5,500 miles: the first non-stop trans-pacific flight

Sampsonsimpson20, CC BY-SA 3.0

Today, flying across the Pacific takes around nine hours, with multiple airlines to choose from and has become an everyday event. However, on October 5, 1931, aviators Clyde Pangborn and Hugh Herndon completed the world’s first non-stop, trans-pacific flight connecting Japan to the United States. 

The record-setting flight lasted 41 hours and covered more than 5,500 miles, before landing in Washington state and becoming the longest flight ever made over water, a record previously held by Charles Lindberg.

Born on October 28, 1895, in Bridgeport, Washington, Clyde Pangborn had joined the Air Service following the United States’ entry into the First World War and became a flight instructor. During his posting in Texas, while teaching cadets to fly the Curtiss JN-4 biplane, Pangborn mastered the art of flying upside-down earning his nickname ‘Upside-Down Pang’.

Post-war, Pangborn earned a living barnstorming and performing as part of the Gates Flying Circus, where he met Hugh Herndon who would later become his co-pilot. 

As was common with publications at the time, Japanese Newspaper Asahi Shimbun offered a prize of $25,000 for the first trans-pacific flight. Pangborn and Herndon flew to Japan to prepare for the historic flight, choosing a 1931 Bellanca J-300/CH-400 named Miss Veedol. The pair departed for the epic flight from Sabishiro Beach, Aomori, Japan on October 4, 1931. 

However, the daring flight was not without its challenges. Pangborn had planned to cut loose the landing gear in-flight in order to save fuel. But the device had partly failed, leaving the struts attached and forcing him to climb onto the wing at over 10,000ft to remove the struts manually.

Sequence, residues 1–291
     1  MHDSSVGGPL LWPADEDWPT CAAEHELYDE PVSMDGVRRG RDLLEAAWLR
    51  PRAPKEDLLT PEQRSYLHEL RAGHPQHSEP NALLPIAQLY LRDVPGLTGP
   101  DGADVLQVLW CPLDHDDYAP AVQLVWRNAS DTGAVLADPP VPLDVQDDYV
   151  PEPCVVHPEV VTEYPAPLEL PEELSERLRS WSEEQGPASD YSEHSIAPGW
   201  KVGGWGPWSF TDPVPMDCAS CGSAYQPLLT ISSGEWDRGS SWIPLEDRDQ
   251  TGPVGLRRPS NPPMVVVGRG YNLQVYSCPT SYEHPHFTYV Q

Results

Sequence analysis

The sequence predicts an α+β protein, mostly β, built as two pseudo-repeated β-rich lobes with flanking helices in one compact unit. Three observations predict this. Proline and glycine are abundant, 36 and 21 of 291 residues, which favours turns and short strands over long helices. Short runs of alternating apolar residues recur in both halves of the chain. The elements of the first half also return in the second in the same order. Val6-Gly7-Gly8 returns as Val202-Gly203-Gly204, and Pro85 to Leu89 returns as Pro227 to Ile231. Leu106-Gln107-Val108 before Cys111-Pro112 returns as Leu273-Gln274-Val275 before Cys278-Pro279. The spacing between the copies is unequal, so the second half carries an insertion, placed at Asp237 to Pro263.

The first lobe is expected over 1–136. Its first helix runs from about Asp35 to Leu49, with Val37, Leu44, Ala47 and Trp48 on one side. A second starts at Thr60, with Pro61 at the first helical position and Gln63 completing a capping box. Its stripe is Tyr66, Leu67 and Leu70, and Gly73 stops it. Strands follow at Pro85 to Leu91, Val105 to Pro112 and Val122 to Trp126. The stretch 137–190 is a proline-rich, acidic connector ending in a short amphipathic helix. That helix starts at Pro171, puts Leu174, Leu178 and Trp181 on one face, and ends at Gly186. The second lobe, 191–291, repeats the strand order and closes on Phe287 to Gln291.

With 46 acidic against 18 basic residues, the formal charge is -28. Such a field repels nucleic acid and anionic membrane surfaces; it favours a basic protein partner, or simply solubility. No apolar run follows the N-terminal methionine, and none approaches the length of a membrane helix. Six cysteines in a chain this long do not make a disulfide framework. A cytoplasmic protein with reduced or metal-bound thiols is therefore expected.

Later in the flight, Herndon as co-pilot had neglected to pump fuel from the auxiliary tanks to the wings. The engine, starved of fuel, cut-out, leaving Pangborn with no choice but to dive the aircraft thousands of feet to restart the engine. 

When the pair reached the west coast of the U.S., fog plagued several landing sites, before a suitable landing spot was found in Wenatchee, Washington. With no landing gear, the plane had to perform a belly landing, damaging the aircraft and its propeller. The two pilots were thankfully unhurt. 

Almost all the prize money was received by Herndon and his mother, who had financially backed the flight with Clyde Pangborn returning to instructor flying before joining the RAF in 1939 with the onset of the Second World War.  

By the end of his flying career, Pangborn had logged over 24,000 hours across four decades of flying. 

The damaged propeller from Miss Veedol is now on display at the Wenatchee Valley Museum along with half a sandwich which is believed to have been on the historic flight.

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